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World Rugby welcomes strong Rugby World Cup 2019 team camp hosting interest

World Rugby has welcomed an exceptional level of interest and enthusiasm shown in response to the nationwide team camp search and selection programme for Rugby World Cup 2019, reflecting the enormous excitement and value of hosting rugby’s showcase event. 

Japan Rugby 2019 has confirmed that some 76 applications have been received from more than 90 prefectures and cities since the process was launched last year as the tournament continues to deliver on its mission to engage, excite and connect the length and breadth of Japan. In a spirit of collaboration and cooperation, some cities and towns have banded together to submit joint applications.

 

Team camps will play a key role within Rugby World Cup 2019; hosting the 20 competing teams and taking the tournament to local communities across the country, making it a sporting event for the entire country.

 

A team camp will consist of five component parts, including an outdoor and indoor training facility, hotel, swimming pool and gym. Japan Rugby 2019 will identify up to 50 team camps across the country, providing the 20 competing teams with a variety of team camp locations.

 

Team camp locations will range from close proximity to a particular match venue, centrally located between match venues, or outside of a host city to provide a different training environment away from the hub of tournament activity.

 

Japan Rugby 2019 Chief Executive, Akira Shimazu, said:

Team camps will play a pivotal role in the tournament and we are delighted to see such a strong response rate to the search and selection programme. We want to identify high quality facilities across the country to ensure the teams have the best possible platform to compete at Rugby World Cup 2019. As an organising committee we are fully committed to meeting the needs of all competing players, ensuring that we deliver to the best possible standards.

 

We received 76 applications from Hokkaido in the very north down to Okinawa, which is the most southern prefecture of Japan, so it’s exciting that so many local authorities recognise the value of providing a team camp. Having such a diverse collection of camps will ensure there is a real buzz around the tournament for every Japanese person.

 

2017 is an important year for us. We will have pool draw in Kyoto in May this year, and we will announce the successful team camp candidates this summer before the announcement of the match schedule and the ticketing programme.

 

Once the match schedule has been finalised and teams know where they will play, the teams will visit Japan to inspect the available team camps.

 

World Rugby Chairman, Bill Beaumont, said:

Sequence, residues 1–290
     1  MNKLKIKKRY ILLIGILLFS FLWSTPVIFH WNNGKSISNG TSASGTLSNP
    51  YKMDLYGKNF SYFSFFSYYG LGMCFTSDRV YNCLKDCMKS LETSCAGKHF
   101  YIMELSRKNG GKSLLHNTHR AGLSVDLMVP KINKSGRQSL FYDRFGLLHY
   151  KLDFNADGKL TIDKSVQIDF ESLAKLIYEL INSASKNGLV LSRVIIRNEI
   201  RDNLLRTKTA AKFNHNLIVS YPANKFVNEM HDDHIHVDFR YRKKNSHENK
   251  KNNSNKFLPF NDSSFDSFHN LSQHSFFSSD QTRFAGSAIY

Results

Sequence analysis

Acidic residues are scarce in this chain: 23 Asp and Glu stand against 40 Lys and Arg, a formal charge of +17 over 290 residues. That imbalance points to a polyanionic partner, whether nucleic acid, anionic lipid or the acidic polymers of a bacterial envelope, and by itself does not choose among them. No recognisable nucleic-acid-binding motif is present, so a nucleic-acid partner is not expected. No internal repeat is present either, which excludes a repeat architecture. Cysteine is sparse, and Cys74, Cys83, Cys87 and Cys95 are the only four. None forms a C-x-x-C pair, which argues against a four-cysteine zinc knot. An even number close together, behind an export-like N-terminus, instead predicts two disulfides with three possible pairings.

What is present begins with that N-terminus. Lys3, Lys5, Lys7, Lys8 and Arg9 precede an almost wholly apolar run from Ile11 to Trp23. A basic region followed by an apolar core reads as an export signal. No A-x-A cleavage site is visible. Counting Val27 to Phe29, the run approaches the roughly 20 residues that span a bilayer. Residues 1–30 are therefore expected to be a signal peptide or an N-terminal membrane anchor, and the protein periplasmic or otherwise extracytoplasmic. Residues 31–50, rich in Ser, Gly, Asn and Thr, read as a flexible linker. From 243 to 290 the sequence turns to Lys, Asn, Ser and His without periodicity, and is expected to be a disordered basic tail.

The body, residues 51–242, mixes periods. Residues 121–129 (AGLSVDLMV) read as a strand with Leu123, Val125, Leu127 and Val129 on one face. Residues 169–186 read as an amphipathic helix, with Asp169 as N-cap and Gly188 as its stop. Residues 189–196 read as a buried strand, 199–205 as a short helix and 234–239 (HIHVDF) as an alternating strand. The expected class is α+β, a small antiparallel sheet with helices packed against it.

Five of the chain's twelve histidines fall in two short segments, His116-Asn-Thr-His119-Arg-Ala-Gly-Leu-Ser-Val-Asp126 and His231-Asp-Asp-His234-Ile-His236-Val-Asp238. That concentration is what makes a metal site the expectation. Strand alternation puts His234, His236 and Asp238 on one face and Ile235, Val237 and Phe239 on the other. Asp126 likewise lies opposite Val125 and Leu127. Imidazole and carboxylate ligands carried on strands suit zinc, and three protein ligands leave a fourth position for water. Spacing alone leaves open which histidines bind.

The strong interest from parties interested in becoming a Rugby World Cup 2019 team camp reflects the enormous prestige of the Rugby World Cup brand and that it is sure to be an event that is set to capture the hearts and minds of people the length and breadth of the nation and beyond.

 

While the match venues are the stages on which the 20 participating nations will showcase the sport and character-building values, the team camps will deliver the important platform to ensure all our players are ready to perform to their full potential. I am delighted that this submission reflects the superb sporting facilities in Japan but also the depth and warmth of the welcome that the teams will receive.

 

Applications have been received from the following cities and prefectures:

  • Abashiri City
  • Atsugi City
  • Awaji City and Hyogo Pref.
  • Beppu City
  • Ebina City
  • Ehime Pref. and Matsuyama City
  • Fuchu City
  • Fujiyoshida City and Fujikawaguchiko Town
  • Fukushima Pref.
  • Gujo City
  • Hachimantai City
  • Hamamatsu City
  • Hirosaki City
  • Hiroshima City
  • Hokkaido Pref. and Ebetsu City
  • Ichihara City and Nagara Town
  • Ichinomiya City
  • Ishinomaki City
  • Iwata City
  • Kagoshima City
  • Kakegawa City
  • Kanagawa Pref. and Fujisawa City
  • Kashiwa City
  • Kasuga City
  • Kitakami City
  • Kitakyushu City
  • Kitami City
  • Kobe City and Hyogo Pref.
  • Kochi Pref. and Kochi City
  • Kumamoto Pref. and Kumamoto City
  • Kurume City
  • Machida City
  • Maebashi City
  • Mimasaka City and Okayama Pref.
  • Miyako City
  • Miyazaki Pref. (Pattern A) and Miyazaki City
  • Miyazaki Pref. (Pattern B) and Miyazaki City
  • Morioka City
  • Munakata City
  • Musashino City
  • Nagasaki Pref. and Isahaya City
  • Nagasaki Pref. and Nagasaki City
  • Nagasaki Pref. and Shimabara City
  • Nagato City
  • Nagoya City
  • Nakashibetsu Town
  • Nakatsu City
  • Narita City
  • Obihiro City
  • Oita City
  • Omaezaki City
  • Otaru City
  • Otsu City
  • Ryugasaki City
  • Saga Pref.
  • Saiki City
  • Saitama City
  • Sakai City
  • Sapporo City
  • Sayama City
  • Seki City
  • Shizukuishi Town
  • Shizuoka City
  • Susono City and Gotemba City
  • Suzuka City and Mie Pref.
  • Tenri City 
  • Tokushima Pref. (Pattern A)
  • Tokushima Pref. (Pattern B)
  • Toyohashi City
  • Toyota City
  • Ueda City
  • Urayasu City
  • Wakayama Pref. and Kamitonda Town
  • Yamagata Pref., Yamagata City and Tendo City
  • Yokohama City
  • Yomitan Village

 

Source: WorldRugby.org

 

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